Born in 1925 in the United States, Greenhut grew up in a traditional Jewish home. In 1943, at the age of eighteen, he volunteered for the armed forces and was assigned to the 284th Field Artillery Battalion of the Third U. S. Army.
In August 1944, Greenhut’s unit landed on Omaha Beach in Normandy, then proceeded to Germany, where they joined the 761st U.S. Army Tank Battalion in April 1945. Greenhut notes that the German army was in full retreat at this time and did not put up any resistance.
On April 12, 1945, the Buchenwald concentration camp was liberated by American troops and a day later Greenhut’s unit entered the camp. Only a few survivors were still in the camp, and their physical condition was terrible. Greenhut recalls that he saw a huge table full of artifacts made out of prisoners bodies. He also heard that the wife of the camp’s commandant, Ilse Koch, collected patches of tattooed human skin and shrunken human skulls. She selected the prisoners whose skin she wanted, who were killed than immediately. Greenhut states that he saw piles of bodies which were buried in big ditches dug by the American army. American soldiers found a mass grave containing about 2,000 corpses. There was also huge cement pit, about 15 feet deep, in which, he was told, prisoners were placed for punishment, staying there without food or water, until many of them perished. In the middle of compound was the so-called “little camp”, built especially for Jewish inmates, who were treated worse than non-Jewish prisoners. Greenhut also mentions that he saw a crematorium within the concentration camp.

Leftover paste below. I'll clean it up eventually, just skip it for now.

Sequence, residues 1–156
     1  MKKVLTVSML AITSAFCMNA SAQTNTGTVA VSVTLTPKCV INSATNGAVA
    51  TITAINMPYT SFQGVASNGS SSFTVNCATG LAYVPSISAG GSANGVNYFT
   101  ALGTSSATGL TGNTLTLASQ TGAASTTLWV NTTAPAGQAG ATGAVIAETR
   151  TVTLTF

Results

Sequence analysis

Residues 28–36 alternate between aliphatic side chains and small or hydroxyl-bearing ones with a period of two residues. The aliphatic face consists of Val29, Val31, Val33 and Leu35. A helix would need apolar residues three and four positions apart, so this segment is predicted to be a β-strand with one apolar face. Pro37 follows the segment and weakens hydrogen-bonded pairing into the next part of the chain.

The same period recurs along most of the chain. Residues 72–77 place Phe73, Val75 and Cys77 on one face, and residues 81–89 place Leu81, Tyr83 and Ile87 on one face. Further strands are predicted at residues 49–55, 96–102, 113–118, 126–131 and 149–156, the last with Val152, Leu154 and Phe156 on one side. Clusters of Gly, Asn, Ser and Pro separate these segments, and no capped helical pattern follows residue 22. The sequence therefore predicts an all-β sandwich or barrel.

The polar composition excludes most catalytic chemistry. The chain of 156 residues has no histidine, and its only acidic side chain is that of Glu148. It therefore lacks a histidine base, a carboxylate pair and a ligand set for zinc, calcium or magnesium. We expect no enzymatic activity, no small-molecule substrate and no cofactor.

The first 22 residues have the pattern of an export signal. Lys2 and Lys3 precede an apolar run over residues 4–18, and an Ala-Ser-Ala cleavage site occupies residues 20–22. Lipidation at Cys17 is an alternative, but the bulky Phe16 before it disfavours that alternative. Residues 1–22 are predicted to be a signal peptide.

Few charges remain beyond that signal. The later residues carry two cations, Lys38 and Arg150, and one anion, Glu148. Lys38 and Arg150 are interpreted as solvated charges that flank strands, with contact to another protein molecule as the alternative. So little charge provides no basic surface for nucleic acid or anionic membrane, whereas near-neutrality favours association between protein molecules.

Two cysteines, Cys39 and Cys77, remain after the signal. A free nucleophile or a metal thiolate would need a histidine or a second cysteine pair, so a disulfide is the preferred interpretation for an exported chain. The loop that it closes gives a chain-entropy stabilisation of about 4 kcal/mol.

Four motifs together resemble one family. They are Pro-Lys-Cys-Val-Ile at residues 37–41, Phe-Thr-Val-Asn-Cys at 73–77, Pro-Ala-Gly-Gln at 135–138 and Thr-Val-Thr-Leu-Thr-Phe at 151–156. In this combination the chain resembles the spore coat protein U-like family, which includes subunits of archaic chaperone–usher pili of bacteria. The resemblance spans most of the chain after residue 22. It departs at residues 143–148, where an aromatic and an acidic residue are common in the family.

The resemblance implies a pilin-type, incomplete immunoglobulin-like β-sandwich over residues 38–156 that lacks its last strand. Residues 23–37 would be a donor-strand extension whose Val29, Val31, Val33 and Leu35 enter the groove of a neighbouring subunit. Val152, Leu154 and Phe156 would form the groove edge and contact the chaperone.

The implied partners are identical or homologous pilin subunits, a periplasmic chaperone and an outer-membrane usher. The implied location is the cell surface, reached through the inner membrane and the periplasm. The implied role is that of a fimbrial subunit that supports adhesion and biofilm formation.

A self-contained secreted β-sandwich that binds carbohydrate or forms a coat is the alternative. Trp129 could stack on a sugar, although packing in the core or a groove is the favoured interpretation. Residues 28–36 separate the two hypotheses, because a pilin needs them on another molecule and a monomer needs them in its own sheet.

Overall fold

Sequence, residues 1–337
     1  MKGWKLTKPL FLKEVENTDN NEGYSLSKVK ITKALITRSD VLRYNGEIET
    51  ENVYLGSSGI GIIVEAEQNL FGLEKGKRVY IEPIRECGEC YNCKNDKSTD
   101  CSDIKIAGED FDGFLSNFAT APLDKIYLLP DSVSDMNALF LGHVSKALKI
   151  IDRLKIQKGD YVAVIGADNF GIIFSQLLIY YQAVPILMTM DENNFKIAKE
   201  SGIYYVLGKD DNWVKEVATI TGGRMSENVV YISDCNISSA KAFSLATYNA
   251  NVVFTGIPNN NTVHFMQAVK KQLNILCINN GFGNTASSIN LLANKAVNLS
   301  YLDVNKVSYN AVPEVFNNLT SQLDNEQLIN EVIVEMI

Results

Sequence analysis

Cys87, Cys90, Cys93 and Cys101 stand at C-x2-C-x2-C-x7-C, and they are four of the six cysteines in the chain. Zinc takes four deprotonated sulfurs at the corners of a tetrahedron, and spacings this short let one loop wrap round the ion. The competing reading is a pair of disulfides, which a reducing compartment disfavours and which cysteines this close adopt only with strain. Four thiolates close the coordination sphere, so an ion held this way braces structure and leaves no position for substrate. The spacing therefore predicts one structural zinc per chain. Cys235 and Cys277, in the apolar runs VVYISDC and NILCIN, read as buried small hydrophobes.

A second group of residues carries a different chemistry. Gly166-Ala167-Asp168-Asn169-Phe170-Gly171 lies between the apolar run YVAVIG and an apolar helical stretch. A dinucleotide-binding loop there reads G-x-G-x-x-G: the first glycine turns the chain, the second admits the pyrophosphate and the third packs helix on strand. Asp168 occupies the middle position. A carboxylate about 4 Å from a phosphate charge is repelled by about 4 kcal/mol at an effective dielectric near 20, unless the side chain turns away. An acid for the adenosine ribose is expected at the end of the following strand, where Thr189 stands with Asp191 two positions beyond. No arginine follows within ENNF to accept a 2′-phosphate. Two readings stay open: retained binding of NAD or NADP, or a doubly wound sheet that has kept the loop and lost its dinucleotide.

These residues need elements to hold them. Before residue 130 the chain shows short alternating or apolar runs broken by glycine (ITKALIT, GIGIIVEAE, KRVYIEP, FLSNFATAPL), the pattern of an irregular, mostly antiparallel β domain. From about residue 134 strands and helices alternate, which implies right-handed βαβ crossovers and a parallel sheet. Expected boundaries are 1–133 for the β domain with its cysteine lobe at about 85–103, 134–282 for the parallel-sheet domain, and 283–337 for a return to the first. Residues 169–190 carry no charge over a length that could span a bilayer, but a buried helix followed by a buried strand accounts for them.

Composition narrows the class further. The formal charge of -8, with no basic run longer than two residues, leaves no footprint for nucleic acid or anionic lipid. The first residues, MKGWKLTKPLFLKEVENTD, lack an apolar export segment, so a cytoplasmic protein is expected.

After the end of the war, Greenhut stayed for some time in Germany with the American occupation troops before he returned to the United States.
Date: August 6, 1996
Interviewer: Manny Cutler
Length: 35 minutes
Format: Video recording